LOS ANGELES, November 24, 2020 — Families in the U.S. have spent more nights in emergency lodging in 2020 than in any other year during the past decade. Disasters haven’t stopped during the coronavirus pandemic, and another relentless disaster year shows why people still need support every day. This is a time to continue taking care of one another. On Giving Tuesday, help people in need by donating at redcross.org/gift.
More than 1 million times this year, a person relied on the Red Cross for a safe place to sleep after a disaster in the U.S. That’s more than four times the annual average from 2011 to 2019.
In California, this year’s total so far includes more than 242,400 overnight stays for people affected by the more than 8,500 wildfires, which have burned more than 4.1 million acres. The Red Cross and our partners have also helped by:
- Serving more than 816,300 meals and snacks
- Distributing more than 53,000 relief items
- Making more than 49,400 individual care contacts
- Providing more than 1,600 households with emergency financial assistance
“As the coronavirus pandemic wears on, disasters like wildfires in California — plus relentless hurricanes and other emergencies — have upended hundreds of thousands of lives across the country,” said Joanne Nowlin, CEO of the American Red Cross Los Angeles Region. “Through it all, more people are stepping up as Red Cross volunteers to help others — even as they cope with the impact of these events, and COVID-19, on their own lives. It’s a true testament to the humanitarian spirit of people in Los Angeles and in our country.”
ONE FAMILY’S WILDFIRE STORY Juniper Hills residents Cyndi Skinner and her daughter Heather are among families who were forced to evacuated during COVID-19 after the Bobcat Fire reached the edge of their property, consuming a storage barn. This was the second time since 2006 the Skinners were forced from their home under threat from fire. In both instances, the Red Cross provided them a safe place to stay until they could return home.
Despite losing part of the property as well as a precious family heirloom to the fire, Cyndi expressed her deepest gratitude for the support the Red Cross lent her family, both in 2006 and 2020. Read the full story on Red Cross LA Talks.
THOUSANDS ANSWER CALL TO HELP This year, more than 70,000 people across the country joined the Red Cross as volunteers — representing more than 90 percent of its workforce. As California and the country grapples with the pandemic, young people have played a critical role in disaster response, with Millennials and Gen Z representing more than half of new Red Cross volunteers.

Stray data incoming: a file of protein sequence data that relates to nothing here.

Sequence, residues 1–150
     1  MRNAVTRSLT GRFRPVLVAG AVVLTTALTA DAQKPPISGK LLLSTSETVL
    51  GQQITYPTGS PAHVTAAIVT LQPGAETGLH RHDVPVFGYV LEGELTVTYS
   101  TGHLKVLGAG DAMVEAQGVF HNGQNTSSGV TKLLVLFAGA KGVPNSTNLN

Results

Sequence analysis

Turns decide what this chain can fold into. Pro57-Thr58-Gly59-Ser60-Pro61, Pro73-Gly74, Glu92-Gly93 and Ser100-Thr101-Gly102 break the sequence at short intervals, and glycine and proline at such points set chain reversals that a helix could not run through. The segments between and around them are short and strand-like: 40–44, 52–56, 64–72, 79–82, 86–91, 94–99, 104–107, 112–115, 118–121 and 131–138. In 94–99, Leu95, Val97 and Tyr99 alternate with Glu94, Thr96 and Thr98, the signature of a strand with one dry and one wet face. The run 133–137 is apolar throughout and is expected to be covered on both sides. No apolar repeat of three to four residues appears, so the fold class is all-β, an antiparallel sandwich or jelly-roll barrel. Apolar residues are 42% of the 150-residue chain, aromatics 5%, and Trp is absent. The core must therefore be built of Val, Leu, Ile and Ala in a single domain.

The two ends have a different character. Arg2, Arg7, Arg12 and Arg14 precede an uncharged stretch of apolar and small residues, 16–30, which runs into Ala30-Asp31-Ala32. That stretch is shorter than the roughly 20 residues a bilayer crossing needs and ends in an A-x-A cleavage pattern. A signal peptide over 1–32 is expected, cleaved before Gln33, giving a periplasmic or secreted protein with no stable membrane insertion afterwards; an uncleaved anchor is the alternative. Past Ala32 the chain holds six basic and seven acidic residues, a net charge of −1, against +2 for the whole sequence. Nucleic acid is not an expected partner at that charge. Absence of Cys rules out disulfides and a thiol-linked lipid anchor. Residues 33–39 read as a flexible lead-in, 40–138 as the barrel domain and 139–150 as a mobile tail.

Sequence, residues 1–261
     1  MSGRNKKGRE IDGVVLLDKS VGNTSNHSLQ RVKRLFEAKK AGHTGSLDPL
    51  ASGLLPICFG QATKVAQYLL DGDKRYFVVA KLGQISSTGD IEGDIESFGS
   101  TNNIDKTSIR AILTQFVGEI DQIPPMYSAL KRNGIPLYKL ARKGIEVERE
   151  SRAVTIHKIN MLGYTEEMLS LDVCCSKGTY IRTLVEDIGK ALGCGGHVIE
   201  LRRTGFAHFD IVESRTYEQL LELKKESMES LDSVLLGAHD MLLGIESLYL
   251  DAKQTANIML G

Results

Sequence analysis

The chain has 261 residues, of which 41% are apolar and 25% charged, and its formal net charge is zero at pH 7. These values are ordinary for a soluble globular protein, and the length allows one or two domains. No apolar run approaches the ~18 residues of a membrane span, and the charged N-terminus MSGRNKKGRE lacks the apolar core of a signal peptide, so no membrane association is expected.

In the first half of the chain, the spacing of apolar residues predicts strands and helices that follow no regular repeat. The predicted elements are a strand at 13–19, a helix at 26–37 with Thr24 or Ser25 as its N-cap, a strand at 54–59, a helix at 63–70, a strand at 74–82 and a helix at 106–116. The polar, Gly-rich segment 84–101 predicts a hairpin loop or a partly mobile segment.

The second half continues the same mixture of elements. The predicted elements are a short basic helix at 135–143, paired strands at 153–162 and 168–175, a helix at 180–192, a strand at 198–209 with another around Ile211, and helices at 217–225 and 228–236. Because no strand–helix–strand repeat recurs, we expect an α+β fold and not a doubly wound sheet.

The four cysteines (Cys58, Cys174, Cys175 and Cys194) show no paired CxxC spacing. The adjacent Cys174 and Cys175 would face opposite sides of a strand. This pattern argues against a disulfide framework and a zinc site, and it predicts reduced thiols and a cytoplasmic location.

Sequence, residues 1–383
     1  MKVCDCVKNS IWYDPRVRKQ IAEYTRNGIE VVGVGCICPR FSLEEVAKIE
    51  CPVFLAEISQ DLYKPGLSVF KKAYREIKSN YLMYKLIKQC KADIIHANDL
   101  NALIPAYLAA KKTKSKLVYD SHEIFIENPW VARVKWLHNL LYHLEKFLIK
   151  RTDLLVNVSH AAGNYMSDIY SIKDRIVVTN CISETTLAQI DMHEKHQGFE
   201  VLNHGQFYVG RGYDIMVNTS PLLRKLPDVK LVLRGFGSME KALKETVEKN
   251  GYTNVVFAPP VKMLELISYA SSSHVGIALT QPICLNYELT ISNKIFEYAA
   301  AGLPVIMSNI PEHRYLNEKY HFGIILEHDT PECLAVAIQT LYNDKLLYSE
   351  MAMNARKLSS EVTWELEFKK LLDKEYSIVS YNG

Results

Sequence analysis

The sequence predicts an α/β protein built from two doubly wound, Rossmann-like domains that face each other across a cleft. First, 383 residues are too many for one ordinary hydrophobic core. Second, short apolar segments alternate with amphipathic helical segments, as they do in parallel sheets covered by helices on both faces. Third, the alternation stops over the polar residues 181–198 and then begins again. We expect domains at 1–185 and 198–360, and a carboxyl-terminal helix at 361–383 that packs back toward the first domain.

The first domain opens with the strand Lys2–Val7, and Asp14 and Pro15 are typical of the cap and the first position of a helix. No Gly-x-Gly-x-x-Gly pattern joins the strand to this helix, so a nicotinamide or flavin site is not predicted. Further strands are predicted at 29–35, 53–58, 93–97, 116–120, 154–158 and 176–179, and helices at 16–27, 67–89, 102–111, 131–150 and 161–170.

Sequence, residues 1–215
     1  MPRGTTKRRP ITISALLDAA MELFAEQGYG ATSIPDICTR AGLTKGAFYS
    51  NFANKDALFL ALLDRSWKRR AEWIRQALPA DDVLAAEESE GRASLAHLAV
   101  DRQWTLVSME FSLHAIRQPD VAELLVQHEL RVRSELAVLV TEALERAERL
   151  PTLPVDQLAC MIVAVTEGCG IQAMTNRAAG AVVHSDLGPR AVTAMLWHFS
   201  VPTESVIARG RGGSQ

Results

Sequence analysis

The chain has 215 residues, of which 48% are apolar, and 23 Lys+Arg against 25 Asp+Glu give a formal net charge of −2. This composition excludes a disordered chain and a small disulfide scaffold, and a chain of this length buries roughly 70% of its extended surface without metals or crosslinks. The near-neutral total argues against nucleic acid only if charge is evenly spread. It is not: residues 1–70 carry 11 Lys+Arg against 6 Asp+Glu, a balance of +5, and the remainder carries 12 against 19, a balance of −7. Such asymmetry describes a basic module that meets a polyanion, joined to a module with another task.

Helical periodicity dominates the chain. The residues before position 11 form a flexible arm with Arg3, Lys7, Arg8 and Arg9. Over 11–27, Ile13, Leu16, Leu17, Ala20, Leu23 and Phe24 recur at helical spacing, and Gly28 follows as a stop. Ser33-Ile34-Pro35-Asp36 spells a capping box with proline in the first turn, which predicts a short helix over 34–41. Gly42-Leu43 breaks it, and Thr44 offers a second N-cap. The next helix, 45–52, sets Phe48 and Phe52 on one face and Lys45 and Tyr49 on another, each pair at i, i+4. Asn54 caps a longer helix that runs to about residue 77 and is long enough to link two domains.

75 percent of these new volunteers stepped up to fill mission-critical positions across the country, such as shelter and health workers, addressing urgent disaster needs and other vital services. Many Angelenos deployed both in person and virtually to assist with relief efforts in Northern California and Oregon amidst several simultaneous, record-breaking wildfires across the West Coast.
HOW YOU CAN HELP On Giving Tuesday and during the holiday season, help people in need by donating at redcross.org/gift. A donation of any size provides hope in times of crisis — whether someone needs a safe place to stay after a home fire, CPR, a lifesaving blood transfusion or help contacting a loved one deployed with the military during an emergency.
About the American Red Cross:
The American Red Cross shelters, feeds and provides emotional support to victims of disasters; supplies about 40 percent of the nation's blood; teaches skills that save lives; provides international humanitarian aid; and supports military members and their families. The Red Cross is a not-for-profit organization that depends on volunteers and the generosity of the American public to perform its mission. For more information, please visit redcross.org/la or cruzrojaamericana.org, or visit us on Twitter at @RedCrossLA or @CruzRojaLA.